How the boy in the red baseball cap who sat in the back of the bus smiled at her. How his eyes started landing on her and sticking. How he started sitting behind her. How he went three blocks out of his way to walk her home. How it started as kissing. 

It ended with Dad coming home early, or maybe late, on a Wednesday afternoon and finding her on her knees with handfuls of the boy’s jeans in each fist. Her mouth and eyes were salty as the boy ran out the back door and Dad moved like his own shadow to the hallway, away from her. They never talked about it. Not like the boy who returned to the back seat of the bus and told the other boys things that made their lips twist and their eyes hooded and knowing. They watched her cheeks burn for those last days until summer.

The pages of the diary curled in on themselves and turned to a black square that shrank and flaked chunks of ash. Sparks flew up, and she wondered if she’d set the trees on fire. For more than a moment, she wanted to burn everything to the ground, but she just scraped the last sheets of blackened paper until they disintegrated. 

Later, her father didn’t tell her goodnight when she passed him on the stairs. She washed her hands, scrubbing at the soot that wouldn’t come off and avoiding her eyes in the mirror over the sink. The pages were gone, but she was still the girl who’d done those things with a boy because she’d wanted him to hold her hand.


Andrea Rinard is a Florida native, HS English teacher, graduate student in creative writing at USF and alumnus of the Yale Writer’s Workshop. Her most recent publications are in The Jellyfish Review and Spelk. You can read more of Andrea’s work at and follow her on Twitter @aprinard.   


Letter from the Editor

Dearest DDR followers, readers, writers, and lovely creatures all around,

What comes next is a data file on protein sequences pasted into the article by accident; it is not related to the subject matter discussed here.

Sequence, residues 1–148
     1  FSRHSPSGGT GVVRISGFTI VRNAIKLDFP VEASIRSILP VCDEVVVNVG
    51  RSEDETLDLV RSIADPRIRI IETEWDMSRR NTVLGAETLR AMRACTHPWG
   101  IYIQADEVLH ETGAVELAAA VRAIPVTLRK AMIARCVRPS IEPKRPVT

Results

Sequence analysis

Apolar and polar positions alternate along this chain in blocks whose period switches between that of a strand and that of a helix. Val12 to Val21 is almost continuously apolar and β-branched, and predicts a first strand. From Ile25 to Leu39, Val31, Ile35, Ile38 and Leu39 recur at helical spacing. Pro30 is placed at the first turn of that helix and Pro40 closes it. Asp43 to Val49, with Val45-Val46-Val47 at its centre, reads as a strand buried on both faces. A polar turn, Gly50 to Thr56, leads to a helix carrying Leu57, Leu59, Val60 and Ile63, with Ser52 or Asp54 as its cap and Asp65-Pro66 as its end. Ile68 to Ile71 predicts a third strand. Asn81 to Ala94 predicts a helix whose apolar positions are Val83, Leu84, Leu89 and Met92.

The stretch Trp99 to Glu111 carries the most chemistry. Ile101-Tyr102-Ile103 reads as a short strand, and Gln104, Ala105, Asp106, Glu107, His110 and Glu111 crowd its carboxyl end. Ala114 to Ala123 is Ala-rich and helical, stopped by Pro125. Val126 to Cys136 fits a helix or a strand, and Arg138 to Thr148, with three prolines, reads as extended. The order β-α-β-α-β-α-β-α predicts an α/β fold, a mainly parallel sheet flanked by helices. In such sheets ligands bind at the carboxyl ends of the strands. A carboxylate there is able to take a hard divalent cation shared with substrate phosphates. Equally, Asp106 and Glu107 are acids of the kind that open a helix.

So it’s that time again. Time to take a break so we can get our sh*t together. 

And though we won’t be publishing anything new on the site till the end of the summer we will still be reading submissions for fall so please, keep sending us all your goodies! Ladies send us your flash, poetry, art, photography… Send it all.  

Also, on a super happy note, we are going to start accepting creative nonfiction! More on that shortly but to give you an idea the guidelines will be the same as flash fiction.  Send us up to 3 creative nonfiction stories, each story no more than 1000 words.

We aren’t disappearing. We will be around reading all your fine submissions.  And as always, previous contributors, let us know if you have anything going on. A book reading, a forthcoming chapbook, etc. We would love to share the news!

Happy writing & reading friends!

Abbie Copeland

Rib – Naomi Ruth Lowinsky

The long-tortured years
are flung away

in one fell swoop
and you’re my young

laughing mother
calling me “rippe”

German for rib
because I’m such

a skinny girl
as you were once

a skinny girl
before the great assault

of blood   
of breasts


Naomi Ruth Lowinsky’s poems have been widely published, most recently in Serving House Journal, Ginosko and Stickman. Her poem “Madelyn Dunham, Passing On” won first prize in the Obama Millennium Contest. She has also won the Blue Light Poetry Chapbook Contest. Lowinsky’s fourth poetry collection is The Faust Woman Poems.